Neurocentriais developing a dietary supplement called MMFS, which contains a molecule called L-threonic acid magnesium salt (L-TAMS) that increases synapse density in portions of the brain needed for memory and executive functioning, such as the prefrontal cortex and hippocampus. Two previous studies showed improved cognition in mild to moderate Alzheimers patients, prompting the active Phase 2 trial that is recruiting 12 mild Alzheimers patients to examine the drugs safety and effect on cognition.
Alkahestis studying intravenously administered plasma-derived product called GRF6019, which is isolated from human plasma (a component of the blood) that has been shown to enhance neurogenesis and improve learning and memory in animals. Matching donor and patients blood types is not needed because the donor-specific antibodies (called immunoglobulins) are removed. A Phase 2 trial in 40 mild to moderate Alzheimers patients studied the safety and feasibility of GRF6019. Another Phase 2 trial is currently recruiting 20 severe Alzheimers patients to study the safety, tolerability, and cognitive benefits of the drug.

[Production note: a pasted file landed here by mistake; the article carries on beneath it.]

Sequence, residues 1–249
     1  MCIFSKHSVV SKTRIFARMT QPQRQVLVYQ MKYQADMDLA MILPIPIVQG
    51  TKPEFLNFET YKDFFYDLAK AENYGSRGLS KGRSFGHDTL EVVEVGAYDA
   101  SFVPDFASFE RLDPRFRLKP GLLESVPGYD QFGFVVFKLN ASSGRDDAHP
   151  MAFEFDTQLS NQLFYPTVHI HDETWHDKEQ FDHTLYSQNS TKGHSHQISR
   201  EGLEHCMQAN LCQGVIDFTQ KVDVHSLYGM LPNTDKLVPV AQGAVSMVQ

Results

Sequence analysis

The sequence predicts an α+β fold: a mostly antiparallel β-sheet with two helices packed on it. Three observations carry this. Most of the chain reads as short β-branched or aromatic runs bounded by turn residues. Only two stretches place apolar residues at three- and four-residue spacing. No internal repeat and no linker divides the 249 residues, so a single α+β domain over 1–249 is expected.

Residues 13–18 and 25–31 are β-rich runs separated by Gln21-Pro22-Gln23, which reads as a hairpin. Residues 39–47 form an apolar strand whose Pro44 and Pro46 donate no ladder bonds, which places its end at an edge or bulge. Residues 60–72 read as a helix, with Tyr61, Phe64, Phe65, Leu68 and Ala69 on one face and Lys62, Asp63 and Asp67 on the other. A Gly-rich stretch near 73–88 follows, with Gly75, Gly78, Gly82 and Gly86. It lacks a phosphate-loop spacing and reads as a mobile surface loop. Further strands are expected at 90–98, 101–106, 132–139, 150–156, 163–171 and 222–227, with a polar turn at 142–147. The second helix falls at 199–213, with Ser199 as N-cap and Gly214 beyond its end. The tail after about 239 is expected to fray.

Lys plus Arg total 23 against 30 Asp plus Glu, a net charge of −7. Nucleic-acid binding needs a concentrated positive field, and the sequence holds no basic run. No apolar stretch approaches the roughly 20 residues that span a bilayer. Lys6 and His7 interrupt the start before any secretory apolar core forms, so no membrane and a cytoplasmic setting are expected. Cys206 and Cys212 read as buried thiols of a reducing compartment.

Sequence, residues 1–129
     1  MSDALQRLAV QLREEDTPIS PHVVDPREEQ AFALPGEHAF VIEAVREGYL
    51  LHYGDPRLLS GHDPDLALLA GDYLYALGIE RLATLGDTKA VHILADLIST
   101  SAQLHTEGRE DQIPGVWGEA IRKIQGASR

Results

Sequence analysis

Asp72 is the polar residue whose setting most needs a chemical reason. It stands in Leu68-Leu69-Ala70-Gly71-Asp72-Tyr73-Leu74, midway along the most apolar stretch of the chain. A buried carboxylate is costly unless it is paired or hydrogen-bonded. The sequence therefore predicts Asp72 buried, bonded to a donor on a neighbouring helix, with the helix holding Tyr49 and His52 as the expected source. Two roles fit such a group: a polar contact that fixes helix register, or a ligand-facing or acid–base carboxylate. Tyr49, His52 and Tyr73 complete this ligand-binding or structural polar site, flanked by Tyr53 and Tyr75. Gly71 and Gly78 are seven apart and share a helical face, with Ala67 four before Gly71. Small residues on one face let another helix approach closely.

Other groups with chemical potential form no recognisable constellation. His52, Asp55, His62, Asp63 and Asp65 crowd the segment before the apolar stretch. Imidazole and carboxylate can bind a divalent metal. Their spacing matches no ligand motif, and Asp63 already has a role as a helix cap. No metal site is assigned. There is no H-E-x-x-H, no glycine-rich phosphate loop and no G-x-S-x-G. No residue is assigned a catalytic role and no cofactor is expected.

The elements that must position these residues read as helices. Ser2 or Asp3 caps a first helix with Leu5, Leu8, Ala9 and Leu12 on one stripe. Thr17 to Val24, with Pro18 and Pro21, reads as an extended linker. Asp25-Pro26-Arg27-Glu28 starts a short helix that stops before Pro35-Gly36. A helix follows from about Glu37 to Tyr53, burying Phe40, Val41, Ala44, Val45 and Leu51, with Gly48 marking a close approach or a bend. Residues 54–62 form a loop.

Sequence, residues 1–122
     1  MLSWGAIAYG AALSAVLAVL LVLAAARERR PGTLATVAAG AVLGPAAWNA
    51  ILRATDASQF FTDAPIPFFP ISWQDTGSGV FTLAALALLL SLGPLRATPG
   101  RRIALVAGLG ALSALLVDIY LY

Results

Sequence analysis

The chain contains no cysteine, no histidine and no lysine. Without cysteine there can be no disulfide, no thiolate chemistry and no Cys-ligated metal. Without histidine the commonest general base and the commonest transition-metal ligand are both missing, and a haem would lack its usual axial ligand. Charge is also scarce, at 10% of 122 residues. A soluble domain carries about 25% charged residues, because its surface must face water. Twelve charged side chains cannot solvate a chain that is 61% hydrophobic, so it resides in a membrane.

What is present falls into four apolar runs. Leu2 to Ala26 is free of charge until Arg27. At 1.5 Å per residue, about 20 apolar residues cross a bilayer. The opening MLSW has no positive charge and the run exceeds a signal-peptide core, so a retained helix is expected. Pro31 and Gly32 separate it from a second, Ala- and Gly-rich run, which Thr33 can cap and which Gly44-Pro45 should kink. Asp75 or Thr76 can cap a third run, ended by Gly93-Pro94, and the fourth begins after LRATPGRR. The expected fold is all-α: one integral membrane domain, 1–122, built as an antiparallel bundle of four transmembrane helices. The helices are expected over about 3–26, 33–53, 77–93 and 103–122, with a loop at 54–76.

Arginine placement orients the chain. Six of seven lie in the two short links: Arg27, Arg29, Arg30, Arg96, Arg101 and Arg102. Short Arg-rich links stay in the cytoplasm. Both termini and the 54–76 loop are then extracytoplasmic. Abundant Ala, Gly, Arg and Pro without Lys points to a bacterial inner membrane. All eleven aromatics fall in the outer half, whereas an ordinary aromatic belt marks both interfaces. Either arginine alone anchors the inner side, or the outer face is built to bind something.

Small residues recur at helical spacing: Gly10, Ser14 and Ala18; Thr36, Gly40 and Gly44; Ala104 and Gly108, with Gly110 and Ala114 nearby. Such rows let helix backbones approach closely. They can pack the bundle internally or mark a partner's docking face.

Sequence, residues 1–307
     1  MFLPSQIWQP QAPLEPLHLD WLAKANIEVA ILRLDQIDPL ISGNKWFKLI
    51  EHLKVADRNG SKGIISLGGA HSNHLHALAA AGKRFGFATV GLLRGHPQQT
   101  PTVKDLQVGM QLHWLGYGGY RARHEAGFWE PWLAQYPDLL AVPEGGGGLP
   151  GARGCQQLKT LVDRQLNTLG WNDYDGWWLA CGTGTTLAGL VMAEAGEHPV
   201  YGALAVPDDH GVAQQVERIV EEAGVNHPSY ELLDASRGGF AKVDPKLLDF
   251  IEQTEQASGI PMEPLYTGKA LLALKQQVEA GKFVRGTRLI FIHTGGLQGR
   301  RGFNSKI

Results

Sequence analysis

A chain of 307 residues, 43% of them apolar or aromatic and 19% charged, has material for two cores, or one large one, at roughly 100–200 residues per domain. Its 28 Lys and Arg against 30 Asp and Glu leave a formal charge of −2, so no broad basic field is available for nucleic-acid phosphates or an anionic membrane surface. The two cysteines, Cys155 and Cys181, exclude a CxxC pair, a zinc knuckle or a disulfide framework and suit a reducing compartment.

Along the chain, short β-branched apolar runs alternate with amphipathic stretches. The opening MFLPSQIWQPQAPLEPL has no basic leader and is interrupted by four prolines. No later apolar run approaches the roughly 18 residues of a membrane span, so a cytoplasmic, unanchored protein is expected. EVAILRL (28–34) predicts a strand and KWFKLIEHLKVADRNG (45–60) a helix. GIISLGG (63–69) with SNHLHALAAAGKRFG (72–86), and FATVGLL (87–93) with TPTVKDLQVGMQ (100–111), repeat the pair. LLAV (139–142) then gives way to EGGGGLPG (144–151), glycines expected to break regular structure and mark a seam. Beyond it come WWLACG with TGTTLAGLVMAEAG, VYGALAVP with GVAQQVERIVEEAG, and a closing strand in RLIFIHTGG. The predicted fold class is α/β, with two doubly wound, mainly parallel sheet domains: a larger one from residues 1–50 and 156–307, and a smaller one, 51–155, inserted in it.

Suven Life Sciences drug SUVN-502 specifically inhibits a certain serotonin receptor (called 5-HT6), which is thought to improve cognition and memory. SUVN-502 in combination with donepezil and memantine was shown to increase the concentration of neurotransmitters, like acetylcholine. An active Phase 2 trial is testing the effect of this triple combination therapy on cognition in 563 moderate Alzheimers patients. An expanded access program is also available for eligible patients to receive the drug without being evaluated for safety and efficacy.
Neurim Pharmaceuticalsis taking a different approach by developing a drug, called piromelatine, that binds to and activates melatonin and serotonin receptors in the brain, promoting sleep and therefore neuroprotective effects. This drug was safe and promoted deeper and more REM sleep in a Phase 2 clinical trial in adults with insomnia. Given the link between sleep and Alzheimers, Neurim decided to study piromelatines effects on cognition in 500 mild Alzheimers patients in an active dose-ranging Phase 2 trial.